Micosil's short story I blogged about last week, a brief exchange that I thought was rather compelling. We were discussing the italicized word in this sentence:
"The mountain of a man held a black double-bladed axe in his other hand, the great weight seeming not to trouble him in the least."
Here's the mini-conversation for you:
Wordsmith: I wouldn't say black in the first paragraph. It's uneccesary for the visual at that exact moment,
you mention it later, and it's usually good to cut out words where possible.
Micosil: Oh come on, that's one word!
Wordsmith: One word matters.
Micosil: Which is why I did change it.
Although sometimes I nitpick too much and focus on the details when the bigger picture is more important, I really liked that discussion. I found myself thinking about it days after we had finished discussing the short story, and I really believe that what I said was true.
One word matters.
Would Charles Dicken's famous novel still have been as memorable if it begun "It was the best of times, it was the most unsatisfactory of times"? (I am convinced that most people have never read more from that book than that single line.)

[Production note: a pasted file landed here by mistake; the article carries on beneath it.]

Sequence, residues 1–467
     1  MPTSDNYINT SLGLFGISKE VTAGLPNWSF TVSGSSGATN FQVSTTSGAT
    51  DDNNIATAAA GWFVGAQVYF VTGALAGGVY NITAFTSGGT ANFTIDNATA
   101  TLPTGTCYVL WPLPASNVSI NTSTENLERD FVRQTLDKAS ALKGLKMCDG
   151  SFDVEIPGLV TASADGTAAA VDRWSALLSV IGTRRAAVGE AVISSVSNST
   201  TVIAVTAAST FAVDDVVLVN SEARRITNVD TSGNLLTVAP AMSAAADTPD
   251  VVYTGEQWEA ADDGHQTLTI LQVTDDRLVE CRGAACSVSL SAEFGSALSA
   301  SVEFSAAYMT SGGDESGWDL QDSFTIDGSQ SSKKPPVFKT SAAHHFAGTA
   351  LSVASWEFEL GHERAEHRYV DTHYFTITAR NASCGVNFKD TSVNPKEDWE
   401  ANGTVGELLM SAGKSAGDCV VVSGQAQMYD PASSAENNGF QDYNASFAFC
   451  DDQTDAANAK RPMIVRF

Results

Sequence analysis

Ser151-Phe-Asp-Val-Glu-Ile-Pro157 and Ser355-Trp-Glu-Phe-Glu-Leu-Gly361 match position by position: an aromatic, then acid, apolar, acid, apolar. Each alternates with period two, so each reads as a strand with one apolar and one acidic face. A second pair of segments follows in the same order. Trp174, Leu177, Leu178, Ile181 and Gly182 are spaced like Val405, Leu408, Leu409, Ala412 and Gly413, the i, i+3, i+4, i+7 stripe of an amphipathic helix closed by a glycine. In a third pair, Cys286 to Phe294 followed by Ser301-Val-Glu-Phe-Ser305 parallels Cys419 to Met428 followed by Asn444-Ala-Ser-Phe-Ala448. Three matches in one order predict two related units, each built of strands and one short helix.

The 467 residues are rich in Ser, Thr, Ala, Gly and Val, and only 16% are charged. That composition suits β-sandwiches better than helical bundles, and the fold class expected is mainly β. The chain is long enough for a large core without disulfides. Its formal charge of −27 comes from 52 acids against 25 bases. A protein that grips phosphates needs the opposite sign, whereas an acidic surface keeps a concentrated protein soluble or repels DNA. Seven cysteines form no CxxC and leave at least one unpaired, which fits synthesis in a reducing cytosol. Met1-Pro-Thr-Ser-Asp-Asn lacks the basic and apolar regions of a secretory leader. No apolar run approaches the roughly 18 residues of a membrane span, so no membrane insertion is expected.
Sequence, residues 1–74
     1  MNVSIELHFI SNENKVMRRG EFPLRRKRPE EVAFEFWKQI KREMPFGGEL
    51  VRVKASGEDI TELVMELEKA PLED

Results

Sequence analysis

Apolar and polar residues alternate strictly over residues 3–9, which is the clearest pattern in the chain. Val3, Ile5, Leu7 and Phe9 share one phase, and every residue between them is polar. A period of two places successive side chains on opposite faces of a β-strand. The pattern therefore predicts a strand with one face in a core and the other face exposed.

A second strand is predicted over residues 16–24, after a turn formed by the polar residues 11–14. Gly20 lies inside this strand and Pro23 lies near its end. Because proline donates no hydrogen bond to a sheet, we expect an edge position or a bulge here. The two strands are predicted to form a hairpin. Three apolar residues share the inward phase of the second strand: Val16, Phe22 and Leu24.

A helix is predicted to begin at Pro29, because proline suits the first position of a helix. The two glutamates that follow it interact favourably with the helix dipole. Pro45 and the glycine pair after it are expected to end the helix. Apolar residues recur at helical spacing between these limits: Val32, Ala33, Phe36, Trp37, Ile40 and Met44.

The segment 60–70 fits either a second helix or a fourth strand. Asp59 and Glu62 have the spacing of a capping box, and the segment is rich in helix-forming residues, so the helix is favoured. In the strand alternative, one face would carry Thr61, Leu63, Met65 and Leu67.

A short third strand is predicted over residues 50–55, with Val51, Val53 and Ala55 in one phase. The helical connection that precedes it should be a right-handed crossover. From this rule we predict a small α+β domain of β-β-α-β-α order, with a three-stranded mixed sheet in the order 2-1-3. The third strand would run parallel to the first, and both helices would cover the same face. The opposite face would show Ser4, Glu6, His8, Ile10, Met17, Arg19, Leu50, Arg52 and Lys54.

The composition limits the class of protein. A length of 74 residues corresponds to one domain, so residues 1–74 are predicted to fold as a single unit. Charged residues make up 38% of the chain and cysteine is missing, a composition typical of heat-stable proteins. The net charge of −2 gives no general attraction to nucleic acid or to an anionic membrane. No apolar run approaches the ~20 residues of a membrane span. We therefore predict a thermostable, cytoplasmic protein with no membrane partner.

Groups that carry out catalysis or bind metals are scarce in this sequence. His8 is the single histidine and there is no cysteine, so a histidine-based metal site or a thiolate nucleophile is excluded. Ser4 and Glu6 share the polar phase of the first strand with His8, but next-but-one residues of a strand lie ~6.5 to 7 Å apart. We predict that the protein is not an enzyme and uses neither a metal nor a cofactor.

Consider "How use doth breed a habit in a man." If William Shakespeare had said "create" or "emphasize" instead of "breed," the connotations and undertones would have been completely different. Breeding is a lesser term, a mortal and an animal one, and the use of it here indicates contempt for habitual responses.
Or, one of my personal favorite words, "Aslan." Before C. S. Lewis, it meant nothing, but he gave that word power and beauty and magic. Perhaps it could have been done with another name, but the sound of that name is, to me, as appealing as what C. S. Lewis did with it.
There are many thousands of examples, and I'm sure you can think of more on your own. But instead of searching the greats and trying to analyze their word choice, turn this insight inward.
It's my instinct to cut and prune when I edit, to look for ways to make my story tighter, more concise. My storytelling reflects the story- told by tense, high-strung warriors who don't have time for detours and mistakes.
Other stories, like Lord of the Rings, rely on their lengthy, wordy prose to draw the reader into the story and paint the full image that Tolkien envisioned. The long descriptions were never my favorite, but they were what helped Tolkien to tell the story best.
What words you use (and how many of them) will vary greatly from writer to writer. When doing final edits of your book, it's important to take the time to realize that every word matters. Maybe you're writing a 700-page epic, or a slim, intellectual volume that is more philosophy than story.
Regardless of the story you choose to tell, the words you choose matter. What words have you chosen to tell your stories? Do you have a "perfect line" or two you'd like to share?
Wordsmith at Work: I'm almost positive I'm working.